The fight between House Republicans and Democrats over constitutional caps on property taxes has become kind of strange.
The partisan positions for and against voting this year to put property-tax caps into the state constitution raise legitimate arguments for each side. It’s how the battle has played out that’s been bizarre.
It has involved projectors, big cardboard petitions and a vote for legislation everyone knew was going nowhere.
The stage was set last year when legislators enacted a law that phases in limits on property-tax bills. This year, homeowners’ property tax bills are limited to 1.5 percent of their homes’ assessed value, with 2.5-percent caps on rental property and 3.5-percent limits for business property.
The caps will drop next year to 1 percent, 2 percent and 3 percent, respectively.
Lawmakers in 2008 also took the first step toward amending the caps into the constitution by passing a resolution. If they pass it again this year or next, voters will decide in the November 2010 election whether the caps go in the constitution.
The idea behind constitutional caps is that they would prevent courts from nixing them and make it more difficult for future legislatures to repeal them.
The Republican-controlled Senate has passed the resolution a second time this session, but it has languished in the Democratic-led House.
House Speaker Patrick Bauer (D-South Bend) has said he wants to wait until next year to consider passing the resolution a second time. That will give lawmakers time to gauge how the caps have affected both taxpayers and local governments.
The caps are projected to save taxpayers $158 million this year and about $323 million when fully phased in next year. But that’s money that local governments and schools won’t get. Some already have cut spending and services because of the caps.
That Bauer hasn’t allowed a second vote on the resolution this session has House Republicans crying foul. They want it passed again this year to ensure now that voters can decide the issue in 2010.
They argue that waiting until next year allows more time for lawsuits to be filed and leaves the public wondering whether lawmakers are serious about making the caps permanent.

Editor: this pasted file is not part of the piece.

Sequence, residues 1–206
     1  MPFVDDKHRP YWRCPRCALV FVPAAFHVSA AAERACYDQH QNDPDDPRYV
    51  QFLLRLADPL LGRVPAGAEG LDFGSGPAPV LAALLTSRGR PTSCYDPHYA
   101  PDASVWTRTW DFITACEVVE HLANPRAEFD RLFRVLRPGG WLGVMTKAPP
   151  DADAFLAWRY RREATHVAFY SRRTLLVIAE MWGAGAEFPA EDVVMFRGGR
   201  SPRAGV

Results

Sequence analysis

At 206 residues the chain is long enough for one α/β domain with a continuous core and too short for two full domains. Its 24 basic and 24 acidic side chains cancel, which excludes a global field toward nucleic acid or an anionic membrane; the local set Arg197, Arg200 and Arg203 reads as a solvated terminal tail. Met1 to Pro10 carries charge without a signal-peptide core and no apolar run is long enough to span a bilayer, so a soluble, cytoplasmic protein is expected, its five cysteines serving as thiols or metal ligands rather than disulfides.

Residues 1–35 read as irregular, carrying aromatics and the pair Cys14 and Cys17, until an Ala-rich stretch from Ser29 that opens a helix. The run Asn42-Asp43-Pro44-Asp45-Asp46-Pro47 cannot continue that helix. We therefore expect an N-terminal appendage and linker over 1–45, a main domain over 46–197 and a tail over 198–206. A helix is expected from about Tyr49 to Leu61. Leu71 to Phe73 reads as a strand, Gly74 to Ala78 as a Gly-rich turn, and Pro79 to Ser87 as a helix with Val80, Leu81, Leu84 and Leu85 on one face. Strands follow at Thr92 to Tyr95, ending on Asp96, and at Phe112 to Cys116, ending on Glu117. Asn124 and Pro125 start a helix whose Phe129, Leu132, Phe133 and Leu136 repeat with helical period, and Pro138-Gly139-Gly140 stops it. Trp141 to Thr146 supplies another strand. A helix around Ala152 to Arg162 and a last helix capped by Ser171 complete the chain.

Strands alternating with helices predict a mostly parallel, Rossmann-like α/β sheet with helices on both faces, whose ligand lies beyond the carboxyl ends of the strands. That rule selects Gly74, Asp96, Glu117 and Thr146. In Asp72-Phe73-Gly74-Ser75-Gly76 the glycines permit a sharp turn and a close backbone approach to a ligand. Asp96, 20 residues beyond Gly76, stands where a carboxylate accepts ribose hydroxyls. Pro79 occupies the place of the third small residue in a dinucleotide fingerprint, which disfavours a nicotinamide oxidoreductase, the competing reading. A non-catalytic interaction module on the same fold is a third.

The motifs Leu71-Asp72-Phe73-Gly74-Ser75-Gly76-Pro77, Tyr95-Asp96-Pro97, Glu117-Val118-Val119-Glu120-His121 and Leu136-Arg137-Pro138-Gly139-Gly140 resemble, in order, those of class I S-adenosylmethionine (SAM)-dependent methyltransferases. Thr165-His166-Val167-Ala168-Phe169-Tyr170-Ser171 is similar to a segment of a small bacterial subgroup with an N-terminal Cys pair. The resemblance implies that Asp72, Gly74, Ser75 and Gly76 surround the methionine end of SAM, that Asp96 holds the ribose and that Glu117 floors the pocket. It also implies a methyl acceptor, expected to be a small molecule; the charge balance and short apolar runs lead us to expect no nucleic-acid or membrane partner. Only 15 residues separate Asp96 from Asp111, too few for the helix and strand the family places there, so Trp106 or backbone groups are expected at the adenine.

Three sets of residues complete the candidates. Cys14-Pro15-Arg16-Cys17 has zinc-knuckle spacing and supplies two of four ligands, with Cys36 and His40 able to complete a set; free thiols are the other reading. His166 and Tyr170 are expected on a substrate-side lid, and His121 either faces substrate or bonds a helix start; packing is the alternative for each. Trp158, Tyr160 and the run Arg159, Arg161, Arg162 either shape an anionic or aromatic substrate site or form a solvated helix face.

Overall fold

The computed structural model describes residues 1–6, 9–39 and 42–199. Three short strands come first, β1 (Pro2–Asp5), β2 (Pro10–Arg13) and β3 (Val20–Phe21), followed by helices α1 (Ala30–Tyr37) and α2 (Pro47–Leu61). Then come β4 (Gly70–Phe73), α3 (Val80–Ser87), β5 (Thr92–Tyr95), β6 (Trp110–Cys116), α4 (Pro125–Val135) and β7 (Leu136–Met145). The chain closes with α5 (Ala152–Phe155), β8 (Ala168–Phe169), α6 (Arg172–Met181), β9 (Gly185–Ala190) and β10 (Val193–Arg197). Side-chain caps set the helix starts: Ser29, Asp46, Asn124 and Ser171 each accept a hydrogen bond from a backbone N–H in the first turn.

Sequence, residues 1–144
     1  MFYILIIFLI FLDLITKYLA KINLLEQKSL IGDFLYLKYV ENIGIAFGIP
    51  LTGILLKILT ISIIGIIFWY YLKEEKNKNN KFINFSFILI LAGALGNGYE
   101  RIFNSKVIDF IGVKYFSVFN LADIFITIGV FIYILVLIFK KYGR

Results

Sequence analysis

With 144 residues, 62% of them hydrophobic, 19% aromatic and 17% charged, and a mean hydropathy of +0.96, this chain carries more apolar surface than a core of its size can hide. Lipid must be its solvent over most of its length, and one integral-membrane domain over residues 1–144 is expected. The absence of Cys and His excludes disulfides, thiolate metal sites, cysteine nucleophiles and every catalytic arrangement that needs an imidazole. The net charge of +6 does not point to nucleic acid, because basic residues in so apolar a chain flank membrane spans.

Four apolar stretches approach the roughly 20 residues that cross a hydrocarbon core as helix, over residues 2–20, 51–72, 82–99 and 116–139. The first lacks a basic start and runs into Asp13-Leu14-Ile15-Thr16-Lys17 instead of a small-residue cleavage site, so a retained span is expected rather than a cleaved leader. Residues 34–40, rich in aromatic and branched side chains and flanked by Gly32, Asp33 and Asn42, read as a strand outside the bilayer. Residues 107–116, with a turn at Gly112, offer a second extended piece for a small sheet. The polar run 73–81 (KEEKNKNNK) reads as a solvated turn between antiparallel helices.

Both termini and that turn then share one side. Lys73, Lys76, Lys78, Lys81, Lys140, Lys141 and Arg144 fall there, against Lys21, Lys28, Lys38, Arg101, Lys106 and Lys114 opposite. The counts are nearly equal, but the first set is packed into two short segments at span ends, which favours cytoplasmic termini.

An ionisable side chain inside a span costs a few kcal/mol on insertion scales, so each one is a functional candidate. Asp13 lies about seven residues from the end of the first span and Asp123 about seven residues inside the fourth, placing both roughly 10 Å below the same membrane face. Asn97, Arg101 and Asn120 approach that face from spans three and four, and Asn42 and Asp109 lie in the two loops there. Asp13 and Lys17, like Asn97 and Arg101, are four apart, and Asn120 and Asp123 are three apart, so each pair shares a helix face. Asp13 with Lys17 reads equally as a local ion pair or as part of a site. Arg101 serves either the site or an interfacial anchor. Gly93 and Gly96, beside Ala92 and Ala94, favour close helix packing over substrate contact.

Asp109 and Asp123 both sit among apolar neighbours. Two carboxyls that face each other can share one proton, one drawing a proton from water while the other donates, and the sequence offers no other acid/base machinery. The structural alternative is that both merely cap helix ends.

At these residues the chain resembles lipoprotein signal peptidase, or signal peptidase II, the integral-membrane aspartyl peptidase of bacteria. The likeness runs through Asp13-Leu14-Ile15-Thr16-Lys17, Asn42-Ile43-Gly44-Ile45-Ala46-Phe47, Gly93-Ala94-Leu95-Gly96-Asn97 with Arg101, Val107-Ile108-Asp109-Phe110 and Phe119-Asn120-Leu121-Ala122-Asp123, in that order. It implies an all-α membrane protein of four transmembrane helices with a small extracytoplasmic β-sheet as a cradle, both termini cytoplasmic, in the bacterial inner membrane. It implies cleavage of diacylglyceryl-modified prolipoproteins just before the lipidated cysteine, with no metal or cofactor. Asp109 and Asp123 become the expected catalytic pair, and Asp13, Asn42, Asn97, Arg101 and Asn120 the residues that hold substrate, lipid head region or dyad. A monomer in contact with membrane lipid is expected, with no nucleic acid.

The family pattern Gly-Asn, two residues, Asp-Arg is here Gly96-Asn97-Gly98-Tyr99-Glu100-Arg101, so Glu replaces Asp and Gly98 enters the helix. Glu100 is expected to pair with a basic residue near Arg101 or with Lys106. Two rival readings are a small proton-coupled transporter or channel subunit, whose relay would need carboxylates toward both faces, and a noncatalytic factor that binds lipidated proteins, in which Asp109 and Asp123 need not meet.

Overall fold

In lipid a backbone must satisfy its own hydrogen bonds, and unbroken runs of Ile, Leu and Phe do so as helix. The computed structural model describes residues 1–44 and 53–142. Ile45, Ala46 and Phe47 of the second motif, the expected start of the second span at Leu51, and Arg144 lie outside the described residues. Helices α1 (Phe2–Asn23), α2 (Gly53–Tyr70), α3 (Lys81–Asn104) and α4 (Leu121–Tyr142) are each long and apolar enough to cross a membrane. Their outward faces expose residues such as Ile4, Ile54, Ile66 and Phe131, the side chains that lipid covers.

House Republicans have gone beyond making speeches demanding that Bauer allow the resolution to be voted on. They’ve set up a countdown clock, projected billboard size on a wall outside the House chamber, ticking down by the second the time left for the resolution to get a vote.
House Minority Leader Brian Bosma (R-Indianapolis) clearly considers it a clever tactic.
Bauer finds it offensive. He sent a protest letter to Bosma asking him to take down the “hologram,” saying it could lead to dueling holograms. Bosma has refused to oblige.
Not your typical protest, but it isn’t a typical stunt, either.
To weigh in on the issue, Democrats threw up an amendment recently that would put the 1, 2, 3 percent caps into law retroactively, starting Jan. 1 this year. They said it would save people money during the recession and give a true picture of what the completely phased in caps would do.
Bosma called it a “sham vote” and “purely political cover” for not addressing constitutional caps this year. And Republicans said Democrats knew it would never pass the Republican-led Senate.
Senate Appropriations Chairman Luke Kenley (R-Noblesville) broke into laughter when reporters told him about the House proposal.
But sham vote or not, the bill passed the House 80-12, with only three Republicans voting against it.
In the latest tactic, House Republicans called a news conference and signed big cardboard petitions demanding that Bauer allow a vote on the constitutional caps.
They are displayed on easels in a roped-off area by the Republican entrance to the House, where the projector shining the countdown clock sits. The site screams out for attention.
Although no Democrats have signed the petition, neither have several Republicans. They probably haven’t gotten around to it yet.
The deadline for bills to clear committees is this Thursday. That’s plenty of time for more games and gimmicks.